Genital herpes in Women : Symptoms, Pictures, and Treatment
Updated: Nov 16, 2020
Herpes simplex virus causes genital herpes by entering the skin or mucous membranes through microscopic breaks in the skin and mucous membranes.
There are 2 types of HSV:
Herpes simplex virus-1, that typically causes cold sores, and
Herpes simplex virus-2, which typically causes genital herpes.
Either herpes simplex virus type can cause sores on the genital areas.
Genital herpes is transmitted by any type of sexual contact with the genital area.
With the initial (first episode) genital herpes infection, some individuals may develop symptoms that seem flu-like and include
body aches, and
swollen lymph nodes.
When symptoms and signs do appear, they may include painful blisters and/or ulcers in the genital area, itching, and burning or tingling sensations in the skin.
Genital herpes symptoms come and go over the person's lifetime due to reactivations of the virus.
Diagnosis is usually done by recognizing the skin changes in the genital area but viral cultures, genetic amplification of herpes simplex virus genome material, and other tests may be done.
There is no cure for genital herpes, but there are medications to make living with genital herpes more manageable.
Antiviral medications are used to reduce the severity and frequency of genital herpes.
Genital herpes symptoms and signs in women usually develop near the vagina, buttocks, and/or anus a few days after exposure to an infected person.
Some natural and home remedies may help relieve and soothe symptoms severity but provide no cure.
Oral antiviral medications may be used in pregnancy. Check with your OB/GYN before taking any medications if you are pregnant.
The prognosis of genital herpes is variable: there is no cure, and the recurrent outbreaks may vary in frequency and severity.
Genital herpes prevention is difficult. Condoms may prevent the disease spread during sex, but not in areas of skin not covered by a condom or during oral to genital contact.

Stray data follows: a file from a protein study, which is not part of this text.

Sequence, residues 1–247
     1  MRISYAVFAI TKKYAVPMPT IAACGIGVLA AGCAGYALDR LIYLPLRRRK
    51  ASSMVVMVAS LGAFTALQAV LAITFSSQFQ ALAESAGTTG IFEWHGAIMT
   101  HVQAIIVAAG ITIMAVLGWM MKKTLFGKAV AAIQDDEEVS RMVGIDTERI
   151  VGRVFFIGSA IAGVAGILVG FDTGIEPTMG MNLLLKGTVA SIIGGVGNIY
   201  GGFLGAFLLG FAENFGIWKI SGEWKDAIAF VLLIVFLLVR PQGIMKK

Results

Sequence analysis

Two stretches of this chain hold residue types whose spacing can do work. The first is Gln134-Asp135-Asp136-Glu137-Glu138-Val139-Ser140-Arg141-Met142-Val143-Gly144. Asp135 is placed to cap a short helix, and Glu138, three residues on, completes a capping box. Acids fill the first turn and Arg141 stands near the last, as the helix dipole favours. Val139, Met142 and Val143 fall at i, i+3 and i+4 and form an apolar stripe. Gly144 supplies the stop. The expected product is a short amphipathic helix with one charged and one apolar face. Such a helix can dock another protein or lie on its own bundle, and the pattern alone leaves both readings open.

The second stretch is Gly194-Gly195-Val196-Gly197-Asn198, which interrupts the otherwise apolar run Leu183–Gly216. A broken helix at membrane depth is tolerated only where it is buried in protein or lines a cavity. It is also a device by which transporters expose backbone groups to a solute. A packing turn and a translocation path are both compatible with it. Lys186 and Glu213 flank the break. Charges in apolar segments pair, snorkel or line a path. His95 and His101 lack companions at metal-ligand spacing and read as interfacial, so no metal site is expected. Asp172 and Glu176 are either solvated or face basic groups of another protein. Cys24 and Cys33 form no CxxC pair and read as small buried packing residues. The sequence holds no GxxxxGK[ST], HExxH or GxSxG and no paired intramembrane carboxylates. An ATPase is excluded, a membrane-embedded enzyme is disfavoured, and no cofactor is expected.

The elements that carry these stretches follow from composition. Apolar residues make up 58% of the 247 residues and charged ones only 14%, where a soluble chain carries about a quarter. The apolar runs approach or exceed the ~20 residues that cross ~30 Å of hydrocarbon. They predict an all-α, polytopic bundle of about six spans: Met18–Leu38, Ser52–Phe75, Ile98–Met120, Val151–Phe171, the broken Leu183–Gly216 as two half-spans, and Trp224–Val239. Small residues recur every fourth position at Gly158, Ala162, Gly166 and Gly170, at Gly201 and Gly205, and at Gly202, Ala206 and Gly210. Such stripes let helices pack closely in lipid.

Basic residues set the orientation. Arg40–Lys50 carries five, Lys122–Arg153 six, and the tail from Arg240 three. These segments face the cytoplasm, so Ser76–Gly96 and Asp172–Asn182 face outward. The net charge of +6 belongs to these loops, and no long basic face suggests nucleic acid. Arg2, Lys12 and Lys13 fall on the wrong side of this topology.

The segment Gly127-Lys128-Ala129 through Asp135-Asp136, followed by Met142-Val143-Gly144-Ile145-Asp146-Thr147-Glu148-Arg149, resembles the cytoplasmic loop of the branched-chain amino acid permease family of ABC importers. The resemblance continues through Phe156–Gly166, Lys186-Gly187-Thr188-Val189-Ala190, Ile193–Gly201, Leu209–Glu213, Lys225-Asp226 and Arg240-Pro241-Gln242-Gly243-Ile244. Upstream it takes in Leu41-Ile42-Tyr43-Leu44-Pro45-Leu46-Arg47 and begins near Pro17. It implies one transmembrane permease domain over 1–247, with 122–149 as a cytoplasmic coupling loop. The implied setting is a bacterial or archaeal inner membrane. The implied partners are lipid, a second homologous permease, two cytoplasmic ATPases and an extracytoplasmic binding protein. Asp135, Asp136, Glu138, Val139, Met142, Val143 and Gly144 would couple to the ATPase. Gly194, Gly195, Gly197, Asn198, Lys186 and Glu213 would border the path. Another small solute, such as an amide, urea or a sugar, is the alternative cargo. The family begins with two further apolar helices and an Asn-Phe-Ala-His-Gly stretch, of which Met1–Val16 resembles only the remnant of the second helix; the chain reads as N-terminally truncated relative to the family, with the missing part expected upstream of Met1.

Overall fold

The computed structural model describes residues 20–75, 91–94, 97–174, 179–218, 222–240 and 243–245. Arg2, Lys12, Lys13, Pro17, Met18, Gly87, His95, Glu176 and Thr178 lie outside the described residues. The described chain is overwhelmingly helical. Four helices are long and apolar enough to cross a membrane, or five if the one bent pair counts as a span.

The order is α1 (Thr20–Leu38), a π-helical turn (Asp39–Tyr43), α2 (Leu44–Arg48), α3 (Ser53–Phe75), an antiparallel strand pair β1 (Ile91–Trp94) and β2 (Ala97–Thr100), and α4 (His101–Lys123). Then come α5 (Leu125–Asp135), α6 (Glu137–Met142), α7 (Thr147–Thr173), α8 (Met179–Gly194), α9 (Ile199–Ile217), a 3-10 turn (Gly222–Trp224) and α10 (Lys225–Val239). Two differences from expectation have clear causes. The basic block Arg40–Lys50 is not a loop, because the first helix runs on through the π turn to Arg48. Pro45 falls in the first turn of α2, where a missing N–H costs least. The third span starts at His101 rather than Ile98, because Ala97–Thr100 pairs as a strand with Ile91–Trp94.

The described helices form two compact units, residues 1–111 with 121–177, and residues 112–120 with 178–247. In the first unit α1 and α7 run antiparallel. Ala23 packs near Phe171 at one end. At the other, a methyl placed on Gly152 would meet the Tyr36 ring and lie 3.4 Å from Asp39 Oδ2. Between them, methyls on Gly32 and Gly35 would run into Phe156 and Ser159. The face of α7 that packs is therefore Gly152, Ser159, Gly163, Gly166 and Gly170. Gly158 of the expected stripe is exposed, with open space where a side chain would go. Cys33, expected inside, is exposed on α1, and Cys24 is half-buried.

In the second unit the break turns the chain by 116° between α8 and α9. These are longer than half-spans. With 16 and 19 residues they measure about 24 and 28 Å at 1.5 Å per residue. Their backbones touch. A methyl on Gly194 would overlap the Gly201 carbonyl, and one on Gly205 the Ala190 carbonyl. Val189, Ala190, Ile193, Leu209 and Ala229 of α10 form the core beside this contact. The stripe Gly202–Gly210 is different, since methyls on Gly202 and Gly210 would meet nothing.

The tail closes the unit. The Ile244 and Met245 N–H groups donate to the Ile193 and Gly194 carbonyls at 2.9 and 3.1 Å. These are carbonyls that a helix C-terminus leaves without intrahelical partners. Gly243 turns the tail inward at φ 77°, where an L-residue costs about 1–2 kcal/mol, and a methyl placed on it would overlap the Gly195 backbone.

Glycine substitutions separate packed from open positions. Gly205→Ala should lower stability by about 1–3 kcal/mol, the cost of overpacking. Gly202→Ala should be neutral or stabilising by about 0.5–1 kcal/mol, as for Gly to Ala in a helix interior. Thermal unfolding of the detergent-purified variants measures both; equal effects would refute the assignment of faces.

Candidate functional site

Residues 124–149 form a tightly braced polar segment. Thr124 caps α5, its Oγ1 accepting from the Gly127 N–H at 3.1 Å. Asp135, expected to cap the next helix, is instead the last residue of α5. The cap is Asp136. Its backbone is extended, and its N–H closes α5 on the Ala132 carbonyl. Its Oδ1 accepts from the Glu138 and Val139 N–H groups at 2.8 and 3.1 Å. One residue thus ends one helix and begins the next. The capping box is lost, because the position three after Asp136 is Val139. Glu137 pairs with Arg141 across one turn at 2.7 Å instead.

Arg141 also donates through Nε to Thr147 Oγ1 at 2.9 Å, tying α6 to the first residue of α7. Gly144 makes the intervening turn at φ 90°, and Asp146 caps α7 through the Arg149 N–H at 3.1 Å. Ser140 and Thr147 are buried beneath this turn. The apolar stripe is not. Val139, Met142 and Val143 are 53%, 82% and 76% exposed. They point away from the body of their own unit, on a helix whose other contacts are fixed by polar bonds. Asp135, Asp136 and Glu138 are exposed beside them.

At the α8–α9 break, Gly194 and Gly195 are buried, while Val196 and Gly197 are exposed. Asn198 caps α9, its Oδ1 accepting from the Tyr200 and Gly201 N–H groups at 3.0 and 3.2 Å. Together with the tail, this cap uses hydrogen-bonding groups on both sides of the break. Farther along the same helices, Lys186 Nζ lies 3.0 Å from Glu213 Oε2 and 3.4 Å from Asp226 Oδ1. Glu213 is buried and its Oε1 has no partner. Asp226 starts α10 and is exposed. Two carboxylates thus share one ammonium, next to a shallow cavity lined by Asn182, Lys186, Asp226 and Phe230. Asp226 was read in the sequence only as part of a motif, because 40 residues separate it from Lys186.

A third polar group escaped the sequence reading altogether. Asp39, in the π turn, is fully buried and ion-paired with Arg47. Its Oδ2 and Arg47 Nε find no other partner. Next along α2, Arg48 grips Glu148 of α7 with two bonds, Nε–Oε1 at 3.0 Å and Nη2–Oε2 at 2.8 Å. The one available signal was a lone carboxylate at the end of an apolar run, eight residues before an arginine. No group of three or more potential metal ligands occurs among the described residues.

How common is genital herpes?
Herpes is very common.
Among people aged 14 to 49, an estimated one out of every six people (15.5% of the population) has been infected with HSV-2, the virus that is predominantly responsible for genital herpes.
Estimates suggest that in the U.S., 776,000 people become infected every year.
The viral infection is more common in women than in men.
Spread from men to women is known to occur more readily than from women to men.
According to WHO estimates, HSV-1 infects 67% of all humans under the age of 50. The majority of infected people are not aware they are infected.
Are home remedies or natural treatments effective for genital herpes?
There are no home or natural remedies available for genital herpes, and as mentioned above, the infection cannot be cured. The home cares such as warm baths, keeping the blisters dry after washing, and wearing loose-fitting, cotton underwear may help soothe symptoms.
What are the signs of genital herpes in women?
Women who have the herpes virus may have no outbreaks or signs of infection. Many do not know they have the virus. Once you are infected, the virus stays in your nerve cells for life. When the virus is not active, there is no sign of infection. When the virus becomes active, a herpes outbreak occurs. Some women may not have any outbreaks or may have only one outbreak, while others may have multiple outbreaks.
The first herpes outbreak often occurs within 2 weeks after contracting the virus from an infected person. The first signs may include:
Itching, tingling, or burning feeling in the vaginal or anal area
Flu-like symptoms, including fever
Pain in the legs, buttocks, or vaginal area
A change in vaginal discharge
Painful or difficult urination
A feeling of pressure in the area below the stomach
After a few days, painful sores, blisters, or ulcers may develop where the virus entered the body. These areas include:
The vaginal or anal area
Inside the vagina
On the cervix
In the urinary tract
On the buttocks or thighs
On other parts of your body where the virus has entered
Sometimes the first outbreak will not occur until months or years after infection.
After the first outbreak, you may have more outbreaks. For most, these outbreaks occur less often over time. The signs of herpes infection are usually milder than during the first outbreak, and they go away faster.
For people with a weak immune system, outbreaks can be severe and long-lasting.
See your health care provider to be tested if you have signs of herpes.